Thermal Imaging - Infrared Camera
What Is Thermal Imaging And Why Is It Important
Thermal Imaging also known as a thermal scan, thermography, or an IR scan is the use of an infrared camera that allows infrared radiation to be seen and displays this information as gradient colors on the display screen or an IR camera. As a Certified Residential Thermographer I use this information to look for thermal anomalies in the images presented.
When using an Iron Contrast setting (as seen on the images on this page), cooler temperatures are represented in darker colors (blues and purples), while warmer temperatures are represented in the brighter colors (yellows and oranges). The differences in these temperatures is called the Delta-T.
Thermal imaging is invaluable for detecting potential moisture issues. When moisture is present in a material or surface, it is constantly evaporating. This process of cooling during evaporation (when liquid is converted to a gas), is called evaporative cooling. An infrared camera is so sensitive that it can pick up the Delta-T or temperature differential from this process taking place, and alerts me to the potential of possible moisture. This is then verified with a moisture meter to get an exact reading of the moisture content.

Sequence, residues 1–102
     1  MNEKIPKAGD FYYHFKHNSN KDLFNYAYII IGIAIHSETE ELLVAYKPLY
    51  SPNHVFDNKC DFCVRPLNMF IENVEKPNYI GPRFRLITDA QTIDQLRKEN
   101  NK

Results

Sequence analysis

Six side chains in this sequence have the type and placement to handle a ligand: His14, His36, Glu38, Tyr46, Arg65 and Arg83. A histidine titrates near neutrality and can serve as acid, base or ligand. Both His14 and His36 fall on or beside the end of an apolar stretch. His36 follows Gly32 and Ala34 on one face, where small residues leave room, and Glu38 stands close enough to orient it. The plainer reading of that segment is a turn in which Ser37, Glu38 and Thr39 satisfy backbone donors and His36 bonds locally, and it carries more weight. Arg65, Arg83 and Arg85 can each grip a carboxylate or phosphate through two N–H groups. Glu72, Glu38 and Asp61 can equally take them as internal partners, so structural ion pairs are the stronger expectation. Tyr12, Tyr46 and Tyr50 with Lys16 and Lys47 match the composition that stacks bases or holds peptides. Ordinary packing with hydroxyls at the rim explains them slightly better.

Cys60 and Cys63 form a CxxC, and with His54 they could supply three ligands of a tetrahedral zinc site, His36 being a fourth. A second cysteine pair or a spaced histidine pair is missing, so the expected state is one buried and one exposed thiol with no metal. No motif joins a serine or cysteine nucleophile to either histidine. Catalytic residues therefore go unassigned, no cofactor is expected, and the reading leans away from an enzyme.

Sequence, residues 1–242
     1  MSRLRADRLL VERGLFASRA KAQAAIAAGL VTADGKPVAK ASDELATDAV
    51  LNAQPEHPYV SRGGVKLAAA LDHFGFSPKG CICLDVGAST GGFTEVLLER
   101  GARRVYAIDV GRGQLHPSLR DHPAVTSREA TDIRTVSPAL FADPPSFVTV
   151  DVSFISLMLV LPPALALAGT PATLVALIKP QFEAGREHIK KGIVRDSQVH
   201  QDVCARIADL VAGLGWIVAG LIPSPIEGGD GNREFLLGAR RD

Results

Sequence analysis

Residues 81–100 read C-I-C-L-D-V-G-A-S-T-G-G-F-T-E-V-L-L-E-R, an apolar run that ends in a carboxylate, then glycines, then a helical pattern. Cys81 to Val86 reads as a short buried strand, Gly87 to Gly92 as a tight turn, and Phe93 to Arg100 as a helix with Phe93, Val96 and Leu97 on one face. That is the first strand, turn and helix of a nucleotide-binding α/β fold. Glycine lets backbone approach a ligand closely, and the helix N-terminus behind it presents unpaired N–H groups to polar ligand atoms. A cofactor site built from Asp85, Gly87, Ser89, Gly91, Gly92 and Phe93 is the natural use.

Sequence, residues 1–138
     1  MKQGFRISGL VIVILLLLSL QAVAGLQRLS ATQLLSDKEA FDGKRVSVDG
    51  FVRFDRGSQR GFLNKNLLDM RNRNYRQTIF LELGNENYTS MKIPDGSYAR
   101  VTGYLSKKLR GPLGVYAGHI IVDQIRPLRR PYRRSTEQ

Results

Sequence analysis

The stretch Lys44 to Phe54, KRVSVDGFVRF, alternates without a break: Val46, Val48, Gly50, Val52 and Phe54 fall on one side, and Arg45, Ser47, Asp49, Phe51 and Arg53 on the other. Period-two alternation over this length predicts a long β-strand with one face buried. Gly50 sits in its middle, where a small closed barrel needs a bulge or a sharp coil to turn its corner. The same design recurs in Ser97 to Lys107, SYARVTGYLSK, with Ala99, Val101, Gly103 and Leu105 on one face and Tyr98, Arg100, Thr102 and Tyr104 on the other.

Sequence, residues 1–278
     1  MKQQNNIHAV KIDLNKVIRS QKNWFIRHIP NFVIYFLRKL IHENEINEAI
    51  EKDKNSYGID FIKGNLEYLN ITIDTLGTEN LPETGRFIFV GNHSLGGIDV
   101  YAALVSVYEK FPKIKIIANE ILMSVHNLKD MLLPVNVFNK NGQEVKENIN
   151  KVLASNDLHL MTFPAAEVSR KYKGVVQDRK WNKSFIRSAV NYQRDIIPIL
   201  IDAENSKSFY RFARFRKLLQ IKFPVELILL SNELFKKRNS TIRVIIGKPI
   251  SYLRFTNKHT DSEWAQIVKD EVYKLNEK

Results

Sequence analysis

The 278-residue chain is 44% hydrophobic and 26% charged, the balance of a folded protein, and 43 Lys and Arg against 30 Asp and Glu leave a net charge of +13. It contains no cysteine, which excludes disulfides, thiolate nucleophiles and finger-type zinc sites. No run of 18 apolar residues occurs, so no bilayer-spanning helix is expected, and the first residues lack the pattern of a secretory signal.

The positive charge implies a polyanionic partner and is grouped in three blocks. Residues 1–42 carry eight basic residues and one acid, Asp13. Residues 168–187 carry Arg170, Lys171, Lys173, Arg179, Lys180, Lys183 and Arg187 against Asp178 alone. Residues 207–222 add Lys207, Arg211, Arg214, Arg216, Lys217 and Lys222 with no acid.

On the other end of the spectrum an Infrared camera is great for finding electrical deficiencies that can not be seen with the naked eye. Undertorqued lugs and terminals in electrical panels can allow conductors to overheat, without an Infrared camera this would go unnoticed.
During a home inspection a limited scan of the home is conducted, focusing on walls below grade, looking for moisture intrusion. As well as a scan of the electrical panel looking for overheated components. Infrared photos of these areas are included in the inspection report.
Home Inspection Deficiency Examples
Below the first image is from a new construction home inspection in Johnson City where water was found infiltrating into a finished basement that would never have been seen with the naked eye, the repair cost for this was over $10,000.
The Second image is a hot water temperature encroaching 170 degrees (no need to boil your water here to make coffee), as well as an overheated ungrounded bus bar that once again would have never been seen with the naked eye.